[aka crispy pork knuckles, potato dumplings, red cabbage]
Somewhere, while doing research for this meal, I came across a reference to a Bavarian proverb intended to reassure a cook worried about how large a knuckle to use: ‘‘S is ned, wia grous’ s is, aba wia guad’ s is.‘, it goes, at least as I translated it from the English into Boarisch, with some online help. I think the English went something like, ‘It’s not how big it is, but how good it is’.
Barry and I both had numerous occasions to vouch for the goodness of Schweinhaxe, and we’ve never had one that was too small – or too large – and they’ve all been very good.
The difference between Eisbein and Schweinshaxe may not always be hard and fast (puns intended), but basically Eisbein, often associated with Berlin, is a cured or smoked (gepökelt oder geräuchertes) knuckle, and Schweinshaxe, very big in Bavaria, is fresh pork. They are both deceptively and incredibly delicious.
I’ve cooked pork knuckles before, in that case, 2 years ago, it was smoked Eisbein (beziehungsweise, geräucherte Schweinshaxe); last night I tried my hand at ‘Schweinshaxn‘ (the Bavarian spelling).
I combed my books, paper files, and the internet in order to assemble a working model of a recipe. I ended up using most of that included in the large compendium, ‘Culinaria Germany‘.
We were both delighted with the result, but I should leave the cook (me, and whoever) with a lesson and a suggestion:
- At the last minute I realized that the only beer I had on hand wasn’t a dark brew, which would be preferred in Bayern, but our nor’easter persuaded me not to go fetch another, so I went with the Pavoni, which may have been waiting for its star turn.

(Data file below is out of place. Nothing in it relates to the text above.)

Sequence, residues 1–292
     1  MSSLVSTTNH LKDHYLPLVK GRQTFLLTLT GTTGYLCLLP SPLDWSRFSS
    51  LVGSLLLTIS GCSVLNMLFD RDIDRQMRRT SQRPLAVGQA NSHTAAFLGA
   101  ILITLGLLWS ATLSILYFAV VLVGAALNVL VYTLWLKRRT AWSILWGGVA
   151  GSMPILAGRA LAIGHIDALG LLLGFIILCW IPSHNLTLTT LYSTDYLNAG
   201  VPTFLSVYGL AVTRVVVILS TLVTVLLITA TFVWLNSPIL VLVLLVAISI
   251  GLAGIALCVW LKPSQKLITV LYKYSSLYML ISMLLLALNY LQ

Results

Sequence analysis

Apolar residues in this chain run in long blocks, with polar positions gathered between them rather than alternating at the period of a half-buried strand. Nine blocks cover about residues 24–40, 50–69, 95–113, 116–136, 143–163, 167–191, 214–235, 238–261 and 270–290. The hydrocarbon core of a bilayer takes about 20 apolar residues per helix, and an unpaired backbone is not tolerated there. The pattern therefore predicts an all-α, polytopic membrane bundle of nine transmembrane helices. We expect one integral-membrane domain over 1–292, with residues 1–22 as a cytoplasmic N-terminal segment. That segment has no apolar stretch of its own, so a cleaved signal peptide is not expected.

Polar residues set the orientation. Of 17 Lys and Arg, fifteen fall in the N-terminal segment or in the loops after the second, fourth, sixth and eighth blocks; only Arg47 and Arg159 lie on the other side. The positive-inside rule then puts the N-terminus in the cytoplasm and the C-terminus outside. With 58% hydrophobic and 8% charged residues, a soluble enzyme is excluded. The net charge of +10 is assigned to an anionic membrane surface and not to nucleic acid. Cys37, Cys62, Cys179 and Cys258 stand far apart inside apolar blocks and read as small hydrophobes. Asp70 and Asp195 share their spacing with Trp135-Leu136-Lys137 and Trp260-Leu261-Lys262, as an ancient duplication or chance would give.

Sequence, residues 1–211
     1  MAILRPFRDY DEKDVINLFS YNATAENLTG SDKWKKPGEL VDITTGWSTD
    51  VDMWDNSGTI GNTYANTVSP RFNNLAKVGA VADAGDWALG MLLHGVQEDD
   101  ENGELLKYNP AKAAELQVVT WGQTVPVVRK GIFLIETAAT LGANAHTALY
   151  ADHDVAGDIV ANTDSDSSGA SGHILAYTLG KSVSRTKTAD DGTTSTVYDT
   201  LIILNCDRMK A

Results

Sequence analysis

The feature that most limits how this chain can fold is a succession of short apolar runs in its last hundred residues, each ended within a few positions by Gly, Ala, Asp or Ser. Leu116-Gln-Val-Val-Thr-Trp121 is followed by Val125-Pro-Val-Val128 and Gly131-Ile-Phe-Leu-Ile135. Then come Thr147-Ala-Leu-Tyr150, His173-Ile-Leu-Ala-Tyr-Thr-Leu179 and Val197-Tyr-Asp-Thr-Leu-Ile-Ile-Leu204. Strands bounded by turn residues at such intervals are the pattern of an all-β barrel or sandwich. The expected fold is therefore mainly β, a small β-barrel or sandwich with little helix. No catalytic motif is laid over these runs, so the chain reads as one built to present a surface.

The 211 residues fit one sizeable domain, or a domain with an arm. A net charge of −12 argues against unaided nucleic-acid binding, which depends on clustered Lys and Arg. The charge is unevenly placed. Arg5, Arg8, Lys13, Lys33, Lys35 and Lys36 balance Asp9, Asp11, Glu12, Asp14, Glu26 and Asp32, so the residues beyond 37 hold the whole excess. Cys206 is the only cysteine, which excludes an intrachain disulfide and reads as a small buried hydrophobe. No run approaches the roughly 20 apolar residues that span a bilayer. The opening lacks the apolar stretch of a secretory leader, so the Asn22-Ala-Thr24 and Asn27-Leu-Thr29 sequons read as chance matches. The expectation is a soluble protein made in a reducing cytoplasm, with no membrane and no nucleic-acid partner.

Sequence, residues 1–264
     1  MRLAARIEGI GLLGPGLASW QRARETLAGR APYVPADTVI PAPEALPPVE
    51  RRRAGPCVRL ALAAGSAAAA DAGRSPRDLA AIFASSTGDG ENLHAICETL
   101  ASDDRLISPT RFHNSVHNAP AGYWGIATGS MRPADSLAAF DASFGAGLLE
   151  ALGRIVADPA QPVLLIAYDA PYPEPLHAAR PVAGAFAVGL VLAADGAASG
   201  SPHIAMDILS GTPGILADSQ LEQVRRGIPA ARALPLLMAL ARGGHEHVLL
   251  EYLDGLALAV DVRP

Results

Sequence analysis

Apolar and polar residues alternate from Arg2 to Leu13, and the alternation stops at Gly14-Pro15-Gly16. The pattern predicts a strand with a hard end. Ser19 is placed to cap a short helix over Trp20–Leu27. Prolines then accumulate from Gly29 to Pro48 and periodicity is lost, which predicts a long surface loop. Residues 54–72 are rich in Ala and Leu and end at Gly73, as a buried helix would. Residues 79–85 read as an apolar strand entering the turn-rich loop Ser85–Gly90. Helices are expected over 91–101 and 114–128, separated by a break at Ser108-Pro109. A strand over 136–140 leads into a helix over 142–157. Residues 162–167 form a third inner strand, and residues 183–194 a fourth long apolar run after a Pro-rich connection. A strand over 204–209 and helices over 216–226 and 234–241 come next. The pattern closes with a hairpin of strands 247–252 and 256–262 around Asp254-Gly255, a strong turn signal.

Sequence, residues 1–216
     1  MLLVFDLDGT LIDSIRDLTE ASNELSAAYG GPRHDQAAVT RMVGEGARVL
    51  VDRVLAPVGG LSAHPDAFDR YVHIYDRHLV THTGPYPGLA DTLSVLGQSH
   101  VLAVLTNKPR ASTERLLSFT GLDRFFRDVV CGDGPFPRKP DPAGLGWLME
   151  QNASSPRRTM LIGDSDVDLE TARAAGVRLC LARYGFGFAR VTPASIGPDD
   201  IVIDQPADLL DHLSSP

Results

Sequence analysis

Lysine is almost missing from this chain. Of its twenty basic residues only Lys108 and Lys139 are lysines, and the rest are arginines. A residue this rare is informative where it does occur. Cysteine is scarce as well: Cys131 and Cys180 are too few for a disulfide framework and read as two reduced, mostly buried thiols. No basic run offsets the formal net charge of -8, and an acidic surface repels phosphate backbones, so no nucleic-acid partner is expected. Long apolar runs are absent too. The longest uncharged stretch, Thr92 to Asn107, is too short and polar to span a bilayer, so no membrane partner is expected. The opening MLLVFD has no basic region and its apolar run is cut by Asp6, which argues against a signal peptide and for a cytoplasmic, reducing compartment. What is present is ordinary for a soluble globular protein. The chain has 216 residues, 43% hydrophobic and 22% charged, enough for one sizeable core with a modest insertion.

- I was very concerned ahead of time with getting the skin crispy, but only succeeded partially; with hindsight, I believe that finishing the knuckles on a grill pan might have produced the ideal result.
I’ve included images of the vegetables in the pan after the meat had been browned, and another which shows the hocks returned to the pan, before being placed in the oven.
- two 24-ounce pork knuckles from Flying Pigs Farm, left sitting upright inside the refrigerator overnight, their sides left bare, tops covered with plastic wrap, removed the next day, rinsed, patted dry, the skin scored to the extent possible (it’s very tough, especially after drying out some), to increase the chances of it becoming crispy, rubbed on all surfaces with the open side of a large clove of garlic from Tamarack Hollow Farm and a mixture of sea salt and freshly-ground pepper, toothpicks inserted to help keep the skin and meat lined up together, seared thoroughly in veal lard (rendered months ago from fat purchased from Consider Bardwell Farm and then frozen), inside a very heavy enameled cast iron dutch oven, removed, and diced soup vegetables (onion from Tamarack Hollow Farm, celery from Foragers, ‘Purple Haze’ carrots from Norwich Meadows Farm, young leeks from Lucky Dog Organic Farm), some Lucky Dog celery greens, sprigs of Italian parsley from Eataly, 2 Sicilian bay leaves from Buon Italia, and half a dozen bruised juniper berries were added to the pan, stirred and sautéed briefly, followed by one cup of fresh water, the pot covered with its self-basting lid, placed inside a preheated (325º F) oven, for about 2 1/4 hours, basting every half hour with at least half a bottle of beer (ideally any dark beer, but I only had a light Pavoni), the pot removed from the oven, which was turned up to 450º, the Haxen removed to a smaller, low-sided, oval enameled cast iron pan and returned to the oven, and later the broiler, to become crispy (watching carefully all along), while the remainder of the beer was added to the large Dutch oven in which the pork had been braising with the vegetables, the uncovered pot boiled over a high flame until the liquid had reduced somewhat, when it was seasoned with salt and pepper, strained through a sieve into a warm sauceboat (the vegetables put aside and retained for use in another meal), the knuckles arranged on plates and coated with some of the sauce, the remainder placed on the table